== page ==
Sigrid Undset's Catherine of Siena is critically acclaimed as one of the best biographies of this famous fourteenth-century saint. Known for her historical fiction, which won her the Nobel Prize for literature in 1928, Undset based this factual work on primary sources, her experiences living in Italy, and her profound understanding of the human heart.
One of the greatest novelists of the twentieth century, Undset was no stranger to hagiography. Her meticulous research of medieval times, which bore such fruit in her masterpieces Kristin Lavransdatter and The Master of Hestviken, acquainted her with some of the holy men and women produced by the Age of Faith. Their exemplary lives left a deep impression upon the author, which she credited as one of her reasons for entering the Church in 1924.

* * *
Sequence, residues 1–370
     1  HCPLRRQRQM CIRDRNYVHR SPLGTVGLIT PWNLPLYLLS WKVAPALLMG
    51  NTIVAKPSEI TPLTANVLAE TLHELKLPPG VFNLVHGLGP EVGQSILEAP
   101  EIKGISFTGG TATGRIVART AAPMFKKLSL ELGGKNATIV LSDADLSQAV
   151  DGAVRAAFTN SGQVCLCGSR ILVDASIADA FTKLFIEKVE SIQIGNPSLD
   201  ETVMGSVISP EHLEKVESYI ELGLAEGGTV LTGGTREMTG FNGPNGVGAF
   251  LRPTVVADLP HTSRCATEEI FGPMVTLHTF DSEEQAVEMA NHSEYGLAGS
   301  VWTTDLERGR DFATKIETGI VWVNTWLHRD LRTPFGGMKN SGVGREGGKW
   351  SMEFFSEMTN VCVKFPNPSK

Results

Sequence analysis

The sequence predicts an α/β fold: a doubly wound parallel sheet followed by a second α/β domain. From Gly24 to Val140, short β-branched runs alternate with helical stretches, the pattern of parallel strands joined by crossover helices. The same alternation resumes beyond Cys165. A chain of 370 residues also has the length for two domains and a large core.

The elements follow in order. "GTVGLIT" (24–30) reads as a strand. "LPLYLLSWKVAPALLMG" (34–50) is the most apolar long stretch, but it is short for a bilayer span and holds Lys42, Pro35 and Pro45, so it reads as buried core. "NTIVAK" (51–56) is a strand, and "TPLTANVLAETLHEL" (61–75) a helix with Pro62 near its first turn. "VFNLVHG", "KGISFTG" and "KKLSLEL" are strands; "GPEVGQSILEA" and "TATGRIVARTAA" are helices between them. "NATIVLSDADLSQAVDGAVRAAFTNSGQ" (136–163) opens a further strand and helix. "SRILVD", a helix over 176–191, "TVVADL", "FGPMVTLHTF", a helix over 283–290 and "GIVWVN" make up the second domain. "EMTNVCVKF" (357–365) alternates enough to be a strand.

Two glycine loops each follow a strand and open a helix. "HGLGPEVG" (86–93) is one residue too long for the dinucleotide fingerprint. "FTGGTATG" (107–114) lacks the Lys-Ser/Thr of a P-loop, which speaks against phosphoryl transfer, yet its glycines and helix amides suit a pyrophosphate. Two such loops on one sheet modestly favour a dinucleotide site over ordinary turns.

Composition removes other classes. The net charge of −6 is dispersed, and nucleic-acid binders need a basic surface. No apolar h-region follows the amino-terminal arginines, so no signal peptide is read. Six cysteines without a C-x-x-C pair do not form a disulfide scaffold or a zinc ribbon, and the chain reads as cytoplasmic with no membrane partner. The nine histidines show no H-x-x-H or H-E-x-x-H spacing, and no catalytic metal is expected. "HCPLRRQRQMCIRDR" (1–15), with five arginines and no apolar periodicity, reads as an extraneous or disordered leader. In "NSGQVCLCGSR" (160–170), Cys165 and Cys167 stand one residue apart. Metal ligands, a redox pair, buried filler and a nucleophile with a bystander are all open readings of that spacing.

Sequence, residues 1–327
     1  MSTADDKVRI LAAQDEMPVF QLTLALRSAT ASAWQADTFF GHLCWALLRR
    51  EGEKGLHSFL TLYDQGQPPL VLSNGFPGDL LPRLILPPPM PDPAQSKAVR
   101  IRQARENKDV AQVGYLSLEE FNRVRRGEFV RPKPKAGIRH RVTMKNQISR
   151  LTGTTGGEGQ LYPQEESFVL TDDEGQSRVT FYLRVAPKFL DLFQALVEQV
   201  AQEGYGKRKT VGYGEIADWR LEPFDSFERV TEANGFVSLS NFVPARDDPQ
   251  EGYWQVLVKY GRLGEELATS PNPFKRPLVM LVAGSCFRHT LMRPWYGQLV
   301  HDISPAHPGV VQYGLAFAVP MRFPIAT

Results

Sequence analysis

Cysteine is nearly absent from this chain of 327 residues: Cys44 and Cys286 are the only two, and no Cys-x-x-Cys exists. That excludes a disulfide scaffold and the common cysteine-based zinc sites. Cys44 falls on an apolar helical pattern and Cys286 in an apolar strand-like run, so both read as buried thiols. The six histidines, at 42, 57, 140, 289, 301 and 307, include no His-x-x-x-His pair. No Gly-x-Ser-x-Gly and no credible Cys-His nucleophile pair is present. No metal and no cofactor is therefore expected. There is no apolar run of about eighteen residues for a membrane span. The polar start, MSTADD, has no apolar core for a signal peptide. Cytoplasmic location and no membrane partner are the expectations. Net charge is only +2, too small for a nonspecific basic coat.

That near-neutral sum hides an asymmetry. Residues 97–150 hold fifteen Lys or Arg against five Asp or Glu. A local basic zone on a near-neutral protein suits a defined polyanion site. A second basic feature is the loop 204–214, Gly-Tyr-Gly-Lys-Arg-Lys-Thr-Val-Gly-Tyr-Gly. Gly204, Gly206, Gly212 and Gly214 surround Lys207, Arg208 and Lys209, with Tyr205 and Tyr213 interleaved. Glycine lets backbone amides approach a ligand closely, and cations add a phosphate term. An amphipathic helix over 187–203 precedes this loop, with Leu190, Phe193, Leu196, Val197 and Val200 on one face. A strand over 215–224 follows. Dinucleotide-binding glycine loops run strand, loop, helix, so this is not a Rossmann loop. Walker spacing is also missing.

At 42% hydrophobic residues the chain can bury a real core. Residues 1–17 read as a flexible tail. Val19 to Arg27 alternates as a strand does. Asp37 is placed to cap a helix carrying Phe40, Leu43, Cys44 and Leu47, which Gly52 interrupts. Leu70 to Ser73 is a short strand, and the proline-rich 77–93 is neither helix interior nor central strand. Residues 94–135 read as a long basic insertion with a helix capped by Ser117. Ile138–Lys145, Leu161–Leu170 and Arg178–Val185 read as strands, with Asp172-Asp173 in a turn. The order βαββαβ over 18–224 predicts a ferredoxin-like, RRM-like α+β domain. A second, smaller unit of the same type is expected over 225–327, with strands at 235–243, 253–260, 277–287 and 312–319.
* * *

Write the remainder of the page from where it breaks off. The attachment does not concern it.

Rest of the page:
Catherine of Siena was a particular favorite of Undset, who also was a Third Order Dominican. An extraordinarily active, intelligent, and courageous woman, Catherine at an early age devoted herself to the love of God. The intensity of her prayer, sacrifice, and service to the poor won her a reputation for holiness and wisdom, and she was called upon to make peace between warring nobles. Believing that peace in Italy could only be achieved if the pope, then living in France, returned to Rome, Catherine boldly traveled to Avignon to meet with Pope Gregory XI.
With sensitivity to the zealous love that permeated the life of Saint Catherine, Undset presents a most moving and memorable portrait of one of the greatest women of all time.